Martian Climate Instabilities Compared to Earth’s

Martian Climate Instabilities Compared to Earth’s

Sometimes the shortest path to learn about the scientific details of our planet Earth is to study similar details on other planets where the phenomena under investigation are simpler to investigate and understand.

Mars is a good example of such a pathway. It also is a good example of how the study of other planets can expose hidden evidences for supernatural design in our own planet.

In a recent issue of Science a NASA astronomer, Norbert Schorghofer, develops a detailed model for the past forty ice ages on Mars.1 Using measurements from satellites orbiting Mars, Schorghofer identified three different kinds of ice at the Martian poles: on top a dry layer, on the bottom a massive ice sheet, and in the middle a layer of pore ice. He also identified a large amount of subsurface ice at mid-latitudes.

Schorghofer demonstrated that the mid-latitude subsurface ice was well explained by large intermittent increases in the tilt of Mars’ rotation axis. His explanation implied that, unlike Earth, the main driving force behind Mars’ ice ages was changes in the tilt of its rotation axis. Schorghofer’s model showed that these changes were so dramatic and so rapid as to establish that over the past five million years Mars suffered forty ice age events, each event resulting in a wholesale climate change for the entire Martian surface.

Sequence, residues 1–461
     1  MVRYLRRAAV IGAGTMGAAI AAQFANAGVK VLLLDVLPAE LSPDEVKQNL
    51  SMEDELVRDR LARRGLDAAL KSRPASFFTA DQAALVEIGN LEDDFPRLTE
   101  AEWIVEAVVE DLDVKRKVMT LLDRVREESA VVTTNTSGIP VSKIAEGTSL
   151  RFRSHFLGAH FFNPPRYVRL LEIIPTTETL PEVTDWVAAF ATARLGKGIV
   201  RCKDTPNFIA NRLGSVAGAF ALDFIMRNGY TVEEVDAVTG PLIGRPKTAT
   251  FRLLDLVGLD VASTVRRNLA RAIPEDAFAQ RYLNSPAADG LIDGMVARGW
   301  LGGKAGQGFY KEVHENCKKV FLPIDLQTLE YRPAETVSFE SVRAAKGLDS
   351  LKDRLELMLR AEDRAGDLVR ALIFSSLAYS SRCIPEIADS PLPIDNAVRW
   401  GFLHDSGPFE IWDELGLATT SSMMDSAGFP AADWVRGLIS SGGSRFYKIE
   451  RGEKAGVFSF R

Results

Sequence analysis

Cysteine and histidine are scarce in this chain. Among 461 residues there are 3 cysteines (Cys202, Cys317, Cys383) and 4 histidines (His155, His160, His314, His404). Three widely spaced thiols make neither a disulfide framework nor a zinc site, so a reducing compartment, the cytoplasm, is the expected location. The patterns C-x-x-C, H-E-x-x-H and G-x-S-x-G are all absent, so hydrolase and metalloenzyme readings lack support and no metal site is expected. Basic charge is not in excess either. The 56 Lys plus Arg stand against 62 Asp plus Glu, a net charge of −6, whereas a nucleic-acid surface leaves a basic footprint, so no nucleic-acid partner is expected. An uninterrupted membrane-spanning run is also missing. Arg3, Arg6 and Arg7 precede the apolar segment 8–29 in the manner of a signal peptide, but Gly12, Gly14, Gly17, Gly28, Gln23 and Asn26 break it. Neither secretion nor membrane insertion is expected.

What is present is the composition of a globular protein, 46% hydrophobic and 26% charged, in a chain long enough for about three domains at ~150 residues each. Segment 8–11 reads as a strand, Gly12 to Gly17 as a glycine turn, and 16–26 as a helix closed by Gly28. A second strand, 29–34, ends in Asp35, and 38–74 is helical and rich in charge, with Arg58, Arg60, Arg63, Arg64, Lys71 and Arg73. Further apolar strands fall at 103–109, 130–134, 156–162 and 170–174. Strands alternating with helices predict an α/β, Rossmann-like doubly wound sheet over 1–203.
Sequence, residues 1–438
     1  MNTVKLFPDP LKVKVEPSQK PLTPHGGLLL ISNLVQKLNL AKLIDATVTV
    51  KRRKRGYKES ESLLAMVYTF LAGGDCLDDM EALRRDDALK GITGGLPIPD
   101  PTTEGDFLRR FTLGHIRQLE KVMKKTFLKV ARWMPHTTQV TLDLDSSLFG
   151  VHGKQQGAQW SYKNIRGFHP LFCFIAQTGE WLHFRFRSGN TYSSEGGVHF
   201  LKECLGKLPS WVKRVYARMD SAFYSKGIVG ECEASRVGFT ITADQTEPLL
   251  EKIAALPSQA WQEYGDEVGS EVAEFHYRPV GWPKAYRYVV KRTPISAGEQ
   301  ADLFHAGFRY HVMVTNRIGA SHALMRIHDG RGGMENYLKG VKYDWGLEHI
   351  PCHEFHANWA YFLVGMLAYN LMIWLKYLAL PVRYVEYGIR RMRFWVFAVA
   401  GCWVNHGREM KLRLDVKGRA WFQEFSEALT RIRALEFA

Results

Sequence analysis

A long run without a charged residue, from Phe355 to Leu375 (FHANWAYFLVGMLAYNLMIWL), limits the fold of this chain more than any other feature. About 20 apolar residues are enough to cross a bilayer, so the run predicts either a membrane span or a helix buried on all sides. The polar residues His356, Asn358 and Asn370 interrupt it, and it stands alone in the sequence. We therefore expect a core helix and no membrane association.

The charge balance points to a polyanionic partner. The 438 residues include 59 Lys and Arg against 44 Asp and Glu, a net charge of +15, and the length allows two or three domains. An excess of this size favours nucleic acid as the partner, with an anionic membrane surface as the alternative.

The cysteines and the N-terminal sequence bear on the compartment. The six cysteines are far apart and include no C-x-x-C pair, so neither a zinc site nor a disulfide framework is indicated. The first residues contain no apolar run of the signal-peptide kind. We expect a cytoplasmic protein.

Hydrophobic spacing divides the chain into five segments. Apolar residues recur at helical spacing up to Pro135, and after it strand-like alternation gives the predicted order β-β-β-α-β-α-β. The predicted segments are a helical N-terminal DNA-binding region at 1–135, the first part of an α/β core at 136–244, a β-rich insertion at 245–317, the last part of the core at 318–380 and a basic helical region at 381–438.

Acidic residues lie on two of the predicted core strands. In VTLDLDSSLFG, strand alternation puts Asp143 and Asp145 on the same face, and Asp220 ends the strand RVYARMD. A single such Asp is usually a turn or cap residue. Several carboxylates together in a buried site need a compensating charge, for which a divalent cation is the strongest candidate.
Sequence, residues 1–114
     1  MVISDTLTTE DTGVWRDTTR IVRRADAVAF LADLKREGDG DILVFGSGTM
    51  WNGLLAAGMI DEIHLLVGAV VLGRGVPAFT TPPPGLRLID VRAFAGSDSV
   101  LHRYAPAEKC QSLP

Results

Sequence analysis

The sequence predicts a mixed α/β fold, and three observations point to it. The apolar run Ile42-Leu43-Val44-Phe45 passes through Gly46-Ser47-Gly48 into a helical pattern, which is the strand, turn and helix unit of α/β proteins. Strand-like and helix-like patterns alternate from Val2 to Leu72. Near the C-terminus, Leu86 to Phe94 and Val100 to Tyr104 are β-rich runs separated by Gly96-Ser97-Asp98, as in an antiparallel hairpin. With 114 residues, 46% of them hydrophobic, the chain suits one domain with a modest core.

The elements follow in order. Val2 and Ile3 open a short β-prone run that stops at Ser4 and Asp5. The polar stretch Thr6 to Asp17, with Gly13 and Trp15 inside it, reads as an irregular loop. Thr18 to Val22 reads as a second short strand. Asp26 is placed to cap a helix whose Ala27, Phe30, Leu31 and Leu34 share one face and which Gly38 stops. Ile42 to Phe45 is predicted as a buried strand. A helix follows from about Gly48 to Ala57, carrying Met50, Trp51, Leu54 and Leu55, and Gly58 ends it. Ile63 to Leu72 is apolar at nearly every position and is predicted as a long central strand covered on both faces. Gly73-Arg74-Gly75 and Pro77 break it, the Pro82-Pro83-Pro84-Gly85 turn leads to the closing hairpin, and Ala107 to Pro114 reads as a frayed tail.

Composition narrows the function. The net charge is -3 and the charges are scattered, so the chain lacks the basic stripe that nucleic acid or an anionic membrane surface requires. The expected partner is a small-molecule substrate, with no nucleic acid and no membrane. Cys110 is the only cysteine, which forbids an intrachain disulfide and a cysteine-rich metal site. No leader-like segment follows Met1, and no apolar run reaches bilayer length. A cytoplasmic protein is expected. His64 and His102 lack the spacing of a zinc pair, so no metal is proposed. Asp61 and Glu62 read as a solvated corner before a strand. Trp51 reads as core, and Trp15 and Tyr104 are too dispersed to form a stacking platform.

If anything like the Martian experience occurred on Earth, all advanced and large-bodied life would be wiped out. Schorghofer’s study shows that dramatic and rapid climate changes by astronomical forcing (changes in the orbital and rotational characteristics) are the norm for planets. What makes Earth so extraordinary is that the variation in the tilt of its rotation axis is virtually nil and changes in the eccentricity and inclination of its orbit are very small compared to the other solar system planets. Evidently, Earth’s orbital and rotational features have been exquisitely fine-tuned to allow for the long-term survival of advanced life on its surface.

The degree of fine-tuning design in Earth’s orbital and rotational characteristics has become increasingly apparent and contributes to the conclusion that Earth and the solar system have been supernaturally and superintelligently manufactured to make human life and human civilization possible. Thanks to Schorghofer’s work, it should not be too long before scientists uncover even more evidence of God’s handiwork in the design of Earth and the solar system.

  1. Norbert Schorghofer, “Dynamics of Ice Ages on Mars,” Nature 449 (September 13, 2007): 192-94.